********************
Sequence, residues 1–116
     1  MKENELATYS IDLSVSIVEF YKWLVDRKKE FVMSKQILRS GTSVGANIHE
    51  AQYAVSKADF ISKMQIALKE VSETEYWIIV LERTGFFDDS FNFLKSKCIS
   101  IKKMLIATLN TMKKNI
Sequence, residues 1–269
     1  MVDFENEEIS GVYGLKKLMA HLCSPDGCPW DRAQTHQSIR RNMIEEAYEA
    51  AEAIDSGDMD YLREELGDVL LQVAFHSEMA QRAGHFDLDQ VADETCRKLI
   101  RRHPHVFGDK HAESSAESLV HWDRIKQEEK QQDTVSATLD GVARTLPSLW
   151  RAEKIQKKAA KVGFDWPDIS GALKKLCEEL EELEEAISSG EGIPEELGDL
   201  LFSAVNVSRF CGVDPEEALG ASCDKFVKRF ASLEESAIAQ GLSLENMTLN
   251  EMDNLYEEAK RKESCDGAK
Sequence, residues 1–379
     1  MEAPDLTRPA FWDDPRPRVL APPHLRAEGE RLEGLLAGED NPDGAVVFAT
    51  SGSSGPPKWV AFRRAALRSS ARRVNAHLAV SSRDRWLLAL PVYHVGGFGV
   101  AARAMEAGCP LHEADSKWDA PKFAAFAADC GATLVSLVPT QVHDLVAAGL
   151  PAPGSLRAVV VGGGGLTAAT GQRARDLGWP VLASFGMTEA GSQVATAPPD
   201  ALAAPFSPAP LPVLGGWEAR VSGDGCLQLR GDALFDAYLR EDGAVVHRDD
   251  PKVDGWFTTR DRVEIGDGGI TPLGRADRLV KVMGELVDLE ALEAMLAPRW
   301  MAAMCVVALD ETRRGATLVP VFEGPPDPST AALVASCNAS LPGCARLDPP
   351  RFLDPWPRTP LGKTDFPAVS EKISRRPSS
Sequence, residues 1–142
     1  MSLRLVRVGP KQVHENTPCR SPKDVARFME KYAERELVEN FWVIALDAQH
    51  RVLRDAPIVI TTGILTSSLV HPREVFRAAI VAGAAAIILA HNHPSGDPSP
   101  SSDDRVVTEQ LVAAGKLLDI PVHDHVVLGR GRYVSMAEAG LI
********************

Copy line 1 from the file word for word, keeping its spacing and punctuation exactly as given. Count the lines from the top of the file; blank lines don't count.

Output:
Sequence, residues 1–116